The Food and Drug Administration (FDA) regulates food additives in the US. However, there are a couple of concerns right off the bat. One, Dr. Blum pointed out that it’s “unworkable” to assess the potential harms of the tens of thousands of individual chemicals used in consumer products. And, as Dr. Maffini pointed out, the FDA has not estimated the harm from “collective, cumulative exposures” through our diets of all PFAS (and they likely could not). In other words, they may look at individual chemicals to determine safety, but the types of studies needed to evaluate the long term effects of exposure to multiple chemicals together are not, as Dr. Blum said, workable. One compound might be considered safe, but what happens when it’s combined with one or more of the thousands of other chemicals we seem to ingest daily? The effects of all the different combinations, in all of our different bodies, would not be possible to track.
Here’s what we know according to Dr. Blum. PFAS are linked to elevated cholesterol, thyroid disease, some cancers, pre-eclampsia, immune system toxicity (causing a decreased response to vaccines) and altered mammary gland development.
We know, through the work done by the Breast Cancer and the Environment Research Program, that genetic alterations that occur during what are called “Windows of Susceptibility” can put a girl at greater risk for the development of breast cancer later in her life. (Read and find more links on this important topic HERE).
WHAT CAN WE DO?
The first, and most important, thing we can do is to educate ourselves. Several links follow this article if you’d like to take a “deeper dive” into the topic. But at the very least, we can try to avoid products that contain PFAS that may leach into our food.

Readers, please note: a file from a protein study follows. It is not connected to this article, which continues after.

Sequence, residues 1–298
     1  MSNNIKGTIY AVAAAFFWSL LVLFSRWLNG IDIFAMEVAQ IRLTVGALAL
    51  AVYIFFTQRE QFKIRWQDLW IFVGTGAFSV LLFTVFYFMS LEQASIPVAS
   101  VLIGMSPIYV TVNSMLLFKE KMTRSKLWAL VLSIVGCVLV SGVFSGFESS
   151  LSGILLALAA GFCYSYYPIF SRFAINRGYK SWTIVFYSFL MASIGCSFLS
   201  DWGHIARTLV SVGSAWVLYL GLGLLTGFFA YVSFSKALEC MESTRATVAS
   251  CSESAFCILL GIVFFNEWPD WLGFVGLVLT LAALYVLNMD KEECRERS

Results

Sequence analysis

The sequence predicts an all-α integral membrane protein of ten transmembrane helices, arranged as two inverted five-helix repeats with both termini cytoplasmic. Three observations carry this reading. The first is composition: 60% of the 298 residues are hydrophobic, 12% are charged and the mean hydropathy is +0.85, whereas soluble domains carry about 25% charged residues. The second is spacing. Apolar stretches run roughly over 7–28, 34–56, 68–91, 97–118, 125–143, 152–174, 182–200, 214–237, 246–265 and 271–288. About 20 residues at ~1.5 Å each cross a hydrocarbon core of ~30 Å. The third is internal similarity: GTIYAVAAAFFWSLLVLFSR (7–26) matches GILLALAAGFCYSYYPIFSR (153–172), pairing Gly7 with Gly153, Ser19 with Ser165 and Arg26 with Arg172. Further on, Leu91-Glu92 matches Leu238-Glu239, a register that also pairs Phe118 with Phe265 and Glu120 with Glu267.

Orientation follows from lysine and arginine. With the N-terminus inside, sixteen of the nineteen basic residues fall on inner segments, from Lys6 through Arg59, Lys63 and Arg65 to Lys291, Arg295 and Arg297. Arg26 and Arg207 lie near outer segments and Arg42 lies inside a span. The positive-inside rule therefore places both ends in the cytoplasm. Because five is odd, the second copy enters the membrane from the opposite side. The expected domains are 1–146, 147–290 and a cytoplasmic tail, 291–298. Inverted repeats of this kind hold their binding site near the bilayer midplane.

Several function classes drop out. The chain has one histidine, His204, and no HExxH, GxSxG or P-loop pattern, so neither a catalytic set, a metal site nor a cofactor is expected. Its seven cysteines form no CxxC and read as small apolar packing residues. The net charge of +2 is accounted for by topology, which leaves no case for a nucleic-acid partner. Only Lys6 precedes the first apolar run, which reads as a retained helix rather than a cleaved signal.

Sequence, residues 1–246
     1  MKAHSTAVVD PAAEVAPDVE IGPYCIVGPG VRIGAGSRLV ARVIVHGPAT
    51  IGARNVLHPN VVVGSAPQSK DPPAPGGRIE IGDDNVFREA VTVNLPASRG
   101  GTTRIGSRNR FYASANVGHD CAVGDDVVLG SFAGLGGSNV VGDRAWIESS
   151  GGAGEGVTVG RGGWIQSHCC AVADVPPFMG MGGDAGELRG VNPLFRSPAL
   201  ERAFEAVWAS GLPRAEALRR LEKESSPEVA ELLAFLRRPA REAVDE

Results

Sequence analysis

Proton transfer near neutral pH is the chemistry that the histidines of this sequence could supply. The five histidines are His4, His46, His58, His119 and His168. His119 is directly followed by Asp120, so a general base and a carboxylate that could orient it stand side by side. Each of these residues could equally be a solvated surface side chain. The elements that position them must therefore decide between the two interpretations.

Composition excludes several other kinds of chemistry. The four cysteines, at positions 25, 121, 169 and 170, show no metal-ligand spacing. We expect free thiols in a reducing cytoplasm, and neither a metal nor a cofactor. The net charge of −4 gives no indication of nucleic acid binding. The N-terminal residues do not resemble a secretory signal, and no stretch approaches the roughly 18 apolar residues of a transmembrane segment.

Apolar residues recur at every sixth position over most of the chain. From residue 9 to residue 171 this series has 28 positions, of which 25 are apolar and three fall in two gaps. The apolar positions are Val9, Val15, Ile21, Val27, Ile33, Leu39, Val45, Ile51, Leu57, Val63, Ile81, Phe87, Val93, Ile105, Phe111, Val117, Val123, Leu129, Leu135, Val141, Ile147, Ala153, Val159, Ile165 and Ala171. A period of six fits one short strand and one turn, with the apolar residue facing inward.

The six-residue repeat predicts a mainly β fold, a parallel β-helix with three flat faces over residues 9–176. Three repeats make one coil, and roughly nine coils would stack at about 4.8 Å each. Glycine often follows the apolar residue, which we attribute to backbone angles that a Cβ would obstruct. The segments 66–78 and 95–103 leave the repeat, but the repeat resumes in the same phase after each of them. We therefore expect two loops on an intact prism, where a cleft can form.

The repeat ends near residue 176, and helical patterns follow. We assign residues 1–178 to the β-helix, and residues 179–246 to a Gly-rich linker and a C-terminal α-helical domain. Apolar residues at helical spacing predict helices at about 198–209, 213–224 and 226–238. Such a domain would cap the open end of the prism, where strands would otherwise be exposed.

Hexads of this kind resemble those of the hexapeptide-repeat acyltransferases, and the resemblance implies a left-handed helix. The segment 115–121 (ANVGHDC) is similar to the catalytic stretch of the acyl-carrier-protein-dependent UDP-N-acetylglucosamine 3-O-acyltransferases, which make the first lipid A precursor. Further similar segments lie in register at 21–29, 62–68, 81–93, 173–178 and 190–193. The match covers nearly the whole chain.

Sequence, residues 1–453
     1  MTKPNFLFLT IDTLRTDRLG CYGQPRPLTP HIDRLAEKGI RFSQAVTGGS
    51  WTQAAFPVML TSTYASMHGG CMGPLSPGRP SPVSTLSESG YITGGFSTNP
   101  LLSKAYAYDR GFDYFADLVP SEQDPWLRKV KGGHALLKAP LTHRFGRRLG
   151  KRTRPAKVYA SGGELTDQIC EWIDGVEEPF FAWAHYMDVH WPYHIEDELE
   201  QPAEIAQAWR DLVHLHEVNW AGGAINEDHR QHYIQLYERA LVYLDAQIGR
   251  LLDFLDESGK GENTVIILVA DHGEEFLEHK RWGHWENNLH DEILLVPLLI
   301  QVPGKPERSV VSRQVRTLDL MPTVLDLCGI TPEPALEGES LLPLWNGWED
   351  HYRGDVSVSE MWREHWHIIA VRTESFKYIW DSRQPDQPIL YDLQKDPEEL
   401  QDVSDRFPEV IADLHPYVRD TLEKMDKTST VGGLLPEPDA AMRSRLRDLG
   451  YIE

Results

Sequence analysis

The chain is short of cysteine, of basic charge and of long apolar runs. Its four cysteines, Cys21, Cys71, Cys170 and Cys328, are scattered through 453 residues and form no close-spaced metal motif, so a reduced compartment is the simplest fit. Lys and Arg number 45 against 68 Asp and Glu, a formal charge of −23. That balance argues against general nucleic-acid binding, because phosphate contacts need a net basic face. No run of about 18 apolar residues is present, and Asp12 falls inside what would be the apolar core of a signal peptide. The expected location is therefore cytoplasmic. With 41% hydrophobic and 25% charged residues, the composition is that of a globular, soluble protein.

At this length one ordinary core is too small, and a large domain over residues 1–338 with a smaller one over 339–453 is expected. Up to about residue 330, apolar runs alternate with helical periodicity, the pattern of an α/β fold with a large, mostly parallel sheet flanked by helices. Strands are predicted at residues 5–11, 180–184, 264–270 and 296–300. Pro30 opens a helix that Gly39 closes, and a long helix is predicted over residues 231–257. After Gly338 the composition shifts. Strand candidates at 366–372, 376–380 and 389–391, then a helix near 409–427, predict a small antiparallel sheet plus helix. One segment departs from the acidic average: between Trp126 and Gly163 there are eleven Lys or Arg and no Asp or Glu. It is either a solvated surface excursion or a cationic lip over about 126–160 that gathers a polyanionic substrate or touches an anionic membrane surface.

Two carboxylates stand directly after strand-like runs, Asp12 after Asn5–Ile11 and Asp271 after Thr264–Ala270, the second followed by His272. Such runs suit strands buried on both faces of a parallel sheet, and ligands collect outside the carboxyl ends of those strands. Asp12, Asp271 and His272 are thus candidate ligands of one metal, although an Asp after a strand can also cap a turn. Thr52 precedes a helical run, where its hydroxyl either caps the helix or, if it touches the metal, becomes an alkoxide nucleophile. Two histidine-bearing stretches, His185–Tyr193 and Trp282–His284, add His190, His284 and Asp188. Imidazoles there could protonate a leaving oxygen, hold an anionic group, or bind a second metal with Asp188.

Next, we can be advocates. For the WBCC, this is where we can contribute to the effort! Safer States is a good resource on state policy initiatives regarding PFAS and other chemicals. In Wisconsin, several bills were introduced in 2019 and January 2020 that would have addressed PFAS standards, monitoring and remediation where needed. They all died, however, some even after having passed out of the relevant committees, when the legislature adjourned April 1 this year without taking any of them up. Advocates could convince legislators to reintroduce these important bills in the next session. You can read more about them on the Safer States page, with links to each piece of legislation.
What else can educated advocates do? Petition retailers, fast food companies and regulatory agencies to make changes.
An example of this is good news: as a result of a petition from public interest groups, the FDA in 2016 banned use of long chain PFAS, and in January of 2019, they committed to reviewing PFAS uses in contact with food.
More good news: Chipotle has announced that they are phasing out the molded fiber packaging they had been using. Taco Bell, Panera Bread, Trader Joe’s and Whole Foods Market are among other chains that have committed to moving away from PFAS. More information on retailers can be found at Mind The Store.
Chemicals are unfortunately ubiquitous in our lives and our environment, despite how hard we try to be safe. But education and advocacy will go a long way towards protecting ourselves and our children’s health. As Dr. Blum recommends, we should ask ourselves:
- Is it necessary?
- Is it worth it?
- Are there safer alternatives?
Have a little time?